Anti-Eviction Mapping Project highlights Urban Green's record of displacement
The Anti-Eviction Mapping Project’s latest creation illustrates the eviction history of Urban Green Investments, a San Francisco-based real estate company that was recently put in the spotlight with its controversial attempted eviction of 98-year-old Mary Elizabeth Phillips.
The Mapping Project’s graphic shows the properties owned by Urban Green and its affiliates, assets that number 385 units in more than 15 buildings. According to the Mapping Project, they have displaced “numerous tenants in the San Francisco Bay Area,” led by the efforts of CEO David McCloskey.
“The Anti-Eviction Mapping Project created this map to expose how large and interconnected the Urban Green and McCloskey network is," said Erin McElroy of the Anti-Eviction Mapping Project. "We have been shocked at how many tenants they have pushed out and in how many cities they are flipping properties."
Urban Green's website advertises the company as a "fully integrated real estate company with brokerage, property management and development capacities." The company's strategy is to acquire property, then add value by "increasing efficiencies, enhancing entitlements, and employing carefully calibrated green renovations.”
In recent years, Urban Green has been busy displacing tenants, including in October 2012, when it purchased a multi-family portfolio with 130 units in San Francisco. According to the Mapping Project, the company is involved in around 40 LLCs, “many of which they use to evict tenants and then flip buildings.”
“Companies like Urban Green wouldn’t be evicting tenants like Mary Phillips if we stopped the profiting of buying up then evicting whole buildings just to sell them quickly,” San Francisco Tenants Union Director Ted Gullicksen said in a statement. “We need to pass a surtax on transfers of apartment buildings within five years of last sale this November if we are to stop these displacement practices of speculators like Urban Green.”
Gullicksen referred to the anti-speculation tax that tenant activists and progressive members of the Board of Supervisors has place on the November ballot. Representatives of Urban Green have not returned Guardian calls for comment, but we’ll update this post if and when we hear back.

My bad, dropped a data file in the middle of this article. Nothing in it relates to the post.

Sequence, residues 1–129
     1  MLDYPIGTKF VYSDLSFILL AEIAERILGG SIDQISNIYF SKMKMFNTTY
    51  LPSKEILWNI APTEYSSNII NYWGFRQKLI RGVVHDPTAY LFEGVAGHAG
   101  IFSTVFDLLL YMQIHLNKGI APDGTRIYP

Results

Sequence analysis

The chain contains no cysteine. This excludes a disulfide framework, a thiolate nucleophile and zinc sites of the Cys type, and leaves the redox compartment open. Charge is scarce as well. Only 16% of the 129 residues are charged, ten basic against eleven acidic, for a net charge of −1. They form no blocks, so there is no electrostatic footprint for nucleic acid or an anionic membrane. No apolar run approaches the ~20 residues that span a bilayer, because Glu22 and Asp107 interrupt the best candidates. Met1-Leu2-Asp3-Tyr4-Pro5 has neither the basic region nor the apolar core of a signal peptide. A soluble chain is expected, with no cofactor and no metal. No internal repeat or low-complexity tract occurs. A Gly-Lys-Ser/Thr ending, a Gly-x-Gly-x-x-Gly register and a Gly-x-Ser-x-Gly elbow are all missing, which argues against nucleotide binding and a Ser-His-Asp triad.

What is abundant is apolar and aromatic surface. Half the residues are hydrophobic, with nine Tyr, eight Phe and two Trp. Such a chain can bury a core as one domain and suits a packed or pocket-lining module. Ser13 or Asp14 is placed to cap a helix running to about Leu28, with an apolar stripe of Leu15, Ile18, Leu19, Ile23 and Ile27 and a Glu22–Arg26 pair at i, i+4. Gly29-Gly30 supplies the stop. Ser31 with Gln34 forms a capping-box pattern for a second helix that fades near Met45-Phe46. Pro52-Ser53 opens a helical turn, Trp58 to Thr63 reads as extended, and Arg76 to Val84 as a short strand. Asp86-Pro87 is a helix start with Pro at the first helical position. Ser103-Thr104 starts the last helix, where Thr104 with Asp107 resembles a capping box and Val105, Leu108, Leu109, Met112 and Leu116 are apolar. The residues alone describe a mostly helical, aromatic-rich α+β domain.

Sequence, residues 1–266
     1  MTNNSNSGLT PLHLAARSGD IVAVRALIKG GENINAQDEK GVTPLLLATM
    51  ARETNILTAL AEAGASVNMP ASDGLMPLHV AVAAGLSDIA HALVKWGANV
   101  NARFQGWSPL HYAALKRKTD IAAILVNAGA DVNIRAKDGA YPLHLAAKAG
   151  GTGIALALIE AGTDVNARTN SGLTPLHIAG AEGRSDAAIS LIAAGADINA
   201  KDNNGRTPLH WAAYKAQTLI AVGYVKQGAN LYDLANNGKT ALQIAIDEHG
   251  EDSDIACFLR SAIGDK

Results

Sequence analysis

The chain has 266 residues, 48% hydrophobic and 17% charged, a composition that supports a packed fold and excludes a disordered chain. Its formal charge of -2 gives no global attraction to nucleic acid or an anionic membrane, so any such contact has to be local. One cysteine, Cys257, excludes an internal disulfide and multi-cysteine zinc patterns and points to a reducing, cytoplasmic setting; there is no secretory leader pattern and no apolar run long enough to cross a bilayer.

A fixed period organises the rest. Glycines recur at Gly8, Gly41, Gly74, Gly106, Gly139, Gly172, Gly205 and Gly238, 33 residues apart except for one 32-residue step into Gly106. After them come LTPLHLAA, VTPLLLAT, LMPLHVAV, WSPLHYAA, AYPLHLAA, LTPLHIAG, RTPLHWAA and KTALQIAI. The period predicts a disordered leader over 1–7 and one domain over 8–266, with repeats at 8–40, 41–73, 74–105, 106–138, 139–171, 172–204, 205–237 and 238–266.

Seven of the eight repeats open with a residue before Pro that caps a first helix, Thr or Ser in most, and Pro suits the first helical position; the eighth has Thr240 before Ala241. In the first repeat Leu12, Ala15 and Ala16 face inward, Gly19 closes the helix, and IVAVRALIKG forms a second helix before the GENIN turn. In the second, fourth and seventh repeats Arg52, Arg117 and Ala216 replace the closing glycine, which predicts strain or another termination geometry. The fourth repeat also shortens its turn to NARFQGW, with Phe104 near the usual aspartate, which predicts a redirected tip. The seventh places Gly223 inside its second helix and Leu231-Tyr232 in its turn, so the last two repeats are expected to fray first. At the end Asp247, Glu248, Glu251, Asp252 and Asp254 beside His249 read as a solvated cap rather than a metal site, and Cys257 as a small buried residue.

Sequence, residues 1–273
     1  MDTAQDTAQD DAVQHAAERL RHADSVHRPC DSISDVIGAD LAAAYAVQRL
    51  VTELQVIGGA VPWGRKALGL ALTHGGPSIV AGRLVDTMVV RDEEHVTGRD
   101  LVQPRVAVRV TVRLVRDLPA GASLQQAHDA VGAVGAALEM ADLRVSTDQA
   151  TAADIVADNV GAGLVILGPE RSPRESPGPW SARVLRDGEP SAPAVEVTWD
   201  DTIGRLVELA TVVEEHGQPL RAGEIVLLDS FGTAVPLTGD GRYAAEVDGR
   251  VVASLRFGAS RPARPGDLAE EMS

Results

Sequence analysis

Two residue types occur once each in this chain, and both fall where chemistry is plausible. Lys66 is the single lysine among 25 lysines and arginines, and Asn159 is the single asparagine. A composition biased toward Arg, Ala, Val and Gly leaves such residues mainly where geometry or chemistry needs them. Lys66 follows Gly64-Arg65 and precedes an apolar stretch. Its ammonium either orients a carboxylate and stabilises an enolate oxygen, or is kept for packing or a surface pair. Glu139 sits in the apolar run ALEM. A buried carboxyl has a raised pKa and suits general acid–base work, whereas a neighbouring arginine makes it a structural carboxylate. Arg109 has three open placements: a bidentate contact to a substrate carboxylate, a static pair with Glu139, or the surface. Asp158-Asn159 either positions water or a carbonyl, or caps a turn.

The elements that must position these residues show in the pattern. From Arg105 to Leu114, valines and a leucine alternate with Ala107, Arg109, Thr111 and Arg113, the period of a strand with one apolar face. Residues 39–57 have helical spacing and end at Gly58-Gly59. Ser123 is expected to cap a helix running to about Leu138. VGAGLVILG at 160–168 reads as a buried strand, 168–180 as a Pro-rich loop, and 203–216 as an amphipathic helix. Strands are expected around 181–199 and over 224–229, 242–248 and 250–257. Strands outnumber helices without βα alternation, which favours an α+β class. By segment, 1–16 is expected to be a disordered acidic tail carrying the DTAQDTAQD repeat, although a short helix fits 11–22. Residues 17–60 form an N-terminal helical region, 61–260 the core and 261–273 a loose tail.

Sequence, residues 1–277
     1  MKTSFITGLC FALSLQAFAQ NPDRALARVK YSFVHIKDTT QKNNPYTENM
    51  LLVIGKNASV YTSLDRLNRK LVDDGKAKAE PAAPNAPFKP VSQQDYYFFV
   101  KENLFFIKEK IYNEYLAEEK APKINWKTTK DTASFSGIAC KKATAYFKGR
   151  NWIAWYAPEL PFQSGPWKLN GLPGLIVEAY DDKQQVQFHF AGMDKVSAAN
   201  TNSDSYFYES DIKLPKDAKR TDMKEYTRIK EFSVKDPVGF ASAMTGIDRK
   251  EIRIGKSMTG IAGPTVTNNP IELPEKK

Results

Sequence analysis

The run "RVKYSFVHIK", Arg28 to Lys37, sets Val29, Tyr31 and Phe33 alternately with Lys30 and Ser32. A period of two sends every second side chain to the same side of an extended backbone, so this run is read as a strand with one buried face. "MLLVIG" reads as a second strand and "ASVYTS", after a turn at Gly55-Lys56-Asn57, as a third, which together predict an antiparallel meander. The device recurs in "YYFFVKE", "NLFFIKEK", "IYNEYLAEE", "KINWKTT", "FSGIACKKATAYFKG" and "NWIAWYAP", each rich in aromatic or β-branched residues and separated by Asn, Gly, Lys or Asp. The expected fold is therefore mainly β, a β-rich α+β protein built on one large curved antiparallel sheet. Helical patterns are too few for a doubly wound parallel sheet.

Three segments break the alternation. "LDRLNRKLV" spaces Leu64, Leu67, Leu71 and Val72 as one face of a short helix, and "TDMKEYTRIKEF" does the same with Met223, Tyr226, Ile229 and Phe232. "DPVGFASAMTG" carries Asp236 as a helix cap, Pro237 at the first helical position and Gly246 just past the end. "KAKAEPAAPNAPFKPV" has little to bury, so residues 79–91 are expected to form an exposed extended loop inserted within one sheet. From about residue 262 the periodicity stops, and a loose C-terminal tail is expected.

Even residents outside the Bay Area have not escaped the reach of the McCloskey family, which has a long history of evictions. Urban Green is currently a subsidiary of the business run by David McCloskey’s Thomas McCloskey: Cornerstone Holdings. The family owns property in Colorado (where Cornerstone is based), New York, Hawaii, and California, according to the Mapping Project. Perhaps most controversially, the family owns 300 acres of land in Hawaii, called Kealia Kai, which greatly angered the Kaua`i people in the 1990s. After buying the land for $17 million, McCloskey unsuccessfully attempted to build a private beach community with his land.
More than 2,000 miles of sea separate Hawaii from Phillips’ apartment, but the residents of both areas are suffering similar fates at the hands of the McCloskeys. And though Urban Green stated last week that it would not continue its attempt to evict Phillips, attorney Steve Collier of the Tenderloin Housing Clinic issued a statement making it clear that the company’s efforts are not over. According to Collier, Urban Green's new strategy is to force out Brant, which would remove Phillips by default because she relies on Brant's care.
"This has been my home for over 40 years and I don't want to leave. . . I am just too old," said Phillips, according to the Mapping Project's website. "I didn't sit down and cry, I just refused to believe it. They're going to have to take me out of here feet first. Just because of your age, don't let people push you around."